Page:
American Airlines grounded by service issues
Passenger numbers fell by 4% last month as delays and cancellations soared.
Would you fly a bankrupt airline with labor problems and a penchant for delays and cancellations? If that airline is American (AAMRQ), the answer is increasingly no.
A dispute with its pilots, a string of mechanical problems, the resulting downtick in on-time performance and the negative response to all of the above by the flying public is sending American's popularity into a nosedive. Overall, the number of passengers flying American fell 4% in September to 8.3 million, the airline said Monday. The airline was also forced to cut domestic flights by almost 6%.
That's not exactly a shock this year, as nearly all the major airlines have reported fewer passengers shuffling through their jetways. Delta's (DAL) passenger count fell 1.9% last month, United's (UAL) headcount dropped 2% and Southwest (LUV) saw a whopping 2.6% fewer flyers than it did last September. Only US Airways (LCC) and Alaska Airlines (ALK) reported increases, with 1% more passengers flying Alaska and 1.4% more passengers on U.S. Airways planes over the same period last year.
None of those airlines have had American's string of misfortune, though. The airline filed for bankruptcy protection in November and a bankruptcy court allowed it to throw out its pilots' existing labor deal back in early September. Since then, the airline says it's been dealing with more canceled flights and delays resulting from pilot maintenance complaints and sickouts. While the Allied Pilots Union picketed on Monday, the group says there's no effort to stall service and that its maintenance complaints are legit. American did a good job of backing up that defense in late September and early October, when passenger seats came loose on three flights and forced the airline to ground 47 planes for inspection.
That didn't do great things for American's on-time arrival rate, which fell to a dismal 59% last month, according to FlightStats.com. If you flew American in September, your itinerary was almost literally a toss-up. That may seem like status quo to disgruntled frequent flyers, but it's downright disheartening when compared to on-time arrival rates at United (81%), JetBlue (JBLU) (83%), Southwest (86%), U.S. Airways (87%), Delta (89%) and Alaska Airlines (89%).
Nightmare stories about American's hellish month spread through terminals quicker than a flight cancellation announcement. The New York Times dedicated op-ed space to the tale of one particularly horrific trans-Atlantic American flight. Slate piled on with a cautionary tale from a flight from Tulsa, Okla., to Dallas. Both concluded that no passenger in his or her right mind should fly American in its current, sad state.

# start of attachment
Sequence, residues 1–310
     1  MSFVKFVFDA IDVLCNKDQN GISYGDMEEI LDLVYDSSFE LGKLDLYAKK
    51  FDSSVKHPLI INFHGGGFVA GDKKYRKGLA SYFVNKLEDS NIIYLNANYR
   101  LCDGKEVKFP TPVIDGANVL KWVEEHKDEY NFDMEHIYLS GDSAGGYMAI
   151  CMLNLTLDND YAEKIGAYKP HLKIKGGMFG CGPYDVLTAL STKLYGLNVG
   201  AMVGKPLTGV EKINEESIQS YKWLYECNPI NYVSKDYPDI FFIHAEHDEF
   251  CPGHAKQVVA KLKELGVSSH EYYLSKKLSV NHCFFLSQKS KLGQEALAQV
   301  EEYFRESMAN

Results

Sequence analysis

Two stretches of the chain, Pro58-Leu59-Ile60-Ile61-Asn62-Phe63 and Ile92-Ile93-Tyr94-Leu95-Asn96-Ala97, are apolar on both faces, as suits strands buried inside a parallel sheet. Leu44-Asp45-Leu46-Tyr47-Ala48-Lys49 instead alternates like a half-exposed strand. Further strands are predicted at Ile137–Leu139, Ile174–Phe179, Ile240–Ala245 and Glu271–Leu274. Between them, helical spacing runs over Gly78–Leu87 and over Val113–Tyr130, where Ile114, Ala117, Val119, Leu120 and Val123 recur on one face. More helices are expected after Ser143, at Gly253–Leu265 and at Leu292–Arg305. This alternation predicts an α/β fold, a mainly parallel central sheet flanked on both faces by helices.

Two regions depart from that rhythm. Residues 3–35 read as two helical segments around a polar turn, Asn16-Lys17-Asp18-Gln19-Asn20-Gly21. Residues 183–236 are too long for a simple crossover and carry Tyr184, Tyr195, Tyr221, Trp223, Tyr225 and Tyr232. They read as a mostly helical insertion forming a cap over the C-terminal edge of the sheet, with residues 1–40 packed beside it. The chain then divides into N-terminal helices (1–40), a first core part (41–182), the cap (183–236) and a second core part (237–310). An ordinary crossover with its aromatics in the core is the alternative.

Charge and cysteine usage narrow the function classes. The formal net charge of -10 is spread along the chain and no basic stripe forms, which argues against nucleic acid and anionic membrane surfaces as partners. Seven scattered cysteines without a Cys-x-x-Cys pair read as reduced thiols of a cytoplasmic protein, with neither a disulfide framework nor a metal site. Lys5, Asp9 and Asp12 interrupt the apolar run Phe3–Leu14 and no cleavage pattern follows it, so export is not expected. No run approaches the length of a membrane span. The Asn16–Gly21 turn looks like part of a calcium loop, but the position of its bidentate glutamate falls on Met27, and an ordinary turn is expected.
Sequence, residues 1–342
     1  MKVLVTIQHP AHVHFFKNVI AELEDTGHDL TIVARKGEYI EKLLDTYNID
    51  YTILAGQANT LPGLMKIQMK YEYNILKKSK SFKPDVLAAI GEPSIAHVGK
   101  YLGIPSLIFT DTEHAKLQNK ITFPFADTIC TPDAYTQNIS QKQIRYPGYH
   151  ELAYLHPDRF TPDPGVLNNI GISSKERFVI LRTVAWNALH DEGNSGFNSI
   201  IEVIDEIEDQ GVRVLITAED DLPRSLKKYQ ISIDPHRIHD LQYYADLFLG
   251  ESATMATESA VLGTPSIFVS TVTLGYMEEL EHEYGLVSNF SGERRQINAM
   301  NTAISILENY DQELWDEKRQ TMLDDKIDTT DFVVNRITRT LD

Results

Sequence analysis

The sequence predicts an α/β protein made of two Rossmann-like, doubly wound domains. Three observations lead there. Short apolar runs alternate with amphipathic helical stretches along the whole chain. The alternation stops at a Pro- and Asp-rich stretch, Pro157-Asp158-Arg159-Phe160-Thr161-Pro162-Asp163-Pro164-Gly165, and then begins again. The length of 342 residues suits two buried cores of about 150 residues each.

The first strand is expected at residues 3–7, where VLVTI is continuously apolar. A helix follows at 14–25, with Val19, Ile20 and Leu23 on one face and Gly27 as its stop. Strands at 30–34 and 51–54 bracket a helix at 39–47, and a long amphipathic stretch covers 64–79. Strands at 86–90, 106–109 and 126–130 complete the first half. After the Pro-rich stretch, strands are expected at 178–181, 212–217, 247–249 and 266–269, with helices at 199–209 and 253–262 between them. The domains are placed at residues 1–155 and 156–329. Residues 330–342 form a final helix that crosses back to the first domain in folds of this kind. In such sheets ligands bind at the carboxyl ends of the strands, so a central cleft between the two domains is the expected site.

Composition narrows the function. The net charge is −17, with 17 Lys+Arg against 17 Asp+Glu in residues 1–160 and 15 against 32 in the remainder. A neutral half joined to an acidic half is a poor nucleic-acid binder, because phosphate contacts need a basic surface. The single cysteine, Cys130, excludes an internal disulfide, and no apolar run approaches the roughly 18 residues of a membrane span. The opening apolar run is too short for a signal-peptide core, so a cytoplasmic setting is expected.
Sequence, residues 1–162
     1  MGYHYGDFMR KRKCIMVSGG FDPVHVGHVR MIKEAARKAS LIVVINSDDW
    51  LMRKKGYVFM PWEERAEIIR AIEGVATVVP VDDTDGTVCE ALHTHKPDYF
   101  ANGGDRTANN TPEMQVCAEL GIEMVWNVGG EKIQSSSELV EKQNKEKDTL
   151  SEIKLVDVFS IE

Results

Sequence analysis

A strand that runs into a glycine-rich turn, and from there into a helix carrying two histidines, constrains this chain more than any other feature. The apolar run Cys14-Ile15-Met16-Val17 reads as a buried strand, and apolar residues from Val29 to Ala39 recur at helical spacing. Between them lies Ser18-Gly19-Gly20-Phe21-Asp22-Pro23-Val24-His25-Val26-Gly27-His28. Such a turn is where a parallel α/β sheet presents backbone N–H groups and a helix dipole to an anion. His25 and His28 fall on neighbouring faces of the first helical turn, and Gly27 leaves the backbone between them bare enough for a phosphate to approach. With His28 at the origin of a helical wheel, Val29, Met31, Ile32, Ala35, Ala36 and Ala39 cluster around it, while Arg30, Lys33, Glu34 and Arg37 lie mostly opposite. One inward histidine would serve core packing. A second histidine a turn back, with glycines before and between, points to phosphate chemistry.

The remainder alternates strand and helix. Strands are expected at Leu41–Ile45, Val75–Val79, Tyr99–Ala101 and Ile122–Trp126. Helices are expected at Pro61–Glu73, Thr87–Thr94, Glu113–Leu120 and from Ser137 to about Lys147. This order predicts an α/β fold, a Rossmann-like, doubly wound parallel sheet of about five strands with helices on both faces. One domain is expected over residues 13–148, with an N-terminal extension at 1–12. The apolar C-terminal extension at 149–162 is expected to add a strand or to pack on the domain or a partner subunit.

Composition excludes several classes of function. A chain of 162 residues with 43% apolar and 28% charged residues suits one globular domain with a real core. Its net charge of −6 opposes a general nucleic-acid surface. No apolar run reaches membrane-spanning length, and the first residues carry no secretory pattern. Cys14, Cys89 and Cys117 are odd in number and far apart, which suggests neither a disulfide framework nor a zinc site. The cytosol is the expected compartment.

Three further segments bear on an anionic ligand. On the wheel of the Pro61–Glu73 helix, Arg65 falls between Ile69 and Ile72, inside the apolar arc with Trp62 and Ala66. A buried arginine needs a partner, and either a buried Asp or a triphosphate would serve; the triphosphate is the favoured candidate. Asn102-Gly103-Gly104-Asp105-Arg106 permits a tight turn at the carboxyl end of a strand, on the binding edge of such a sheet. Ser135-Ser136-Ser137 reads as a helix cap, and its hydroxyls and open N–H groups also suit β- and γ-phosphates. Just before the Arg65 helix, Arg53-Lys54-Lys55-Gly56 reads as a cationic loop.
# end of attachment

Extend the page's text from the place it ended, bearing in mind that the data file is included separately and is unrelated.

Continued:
American Airlines counters that its revenue per available seat grew 4% in September, which it said was better than United, US Airways and Delta. Their spokesman also believes most of the airline's problems and lost revenue are old news and that renewed talks between the airline and the pilots' union should address any remaining issues.
That's great, but American is dithering with pilots on a deal that will likely be moot in a rumored merger with US Airways. The two airlines started reviewing each other's financial information in August, and though a non-disclosure agreement prevents either from discussing a merger, American employees and customers alike are still waiting for the results. Meanwhile, United is shaking off the effects of its merger with Continental and has improved on-time performance from 64% in July. At the same time, Delta just opened up its own oil refinery in Pennsylvania and has buddied up with Alaska Airlines to expand service to China and Japan.
Though American was among several airlines whose business didn't take off in September, its slumping service and stuck-at-the-gate growth don't give passengers much confidence when comparison shopping against American's soaring competitors.
Fire the pilots and Attendants, and then give them an application and tell them to reapply if they
really want to work for the airline. Change the pay scale and go non union.
The unions have caused more job losses in America than anything else.
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Investors are anxious to see if hiring can maintain its strong pace in the second half of the year.
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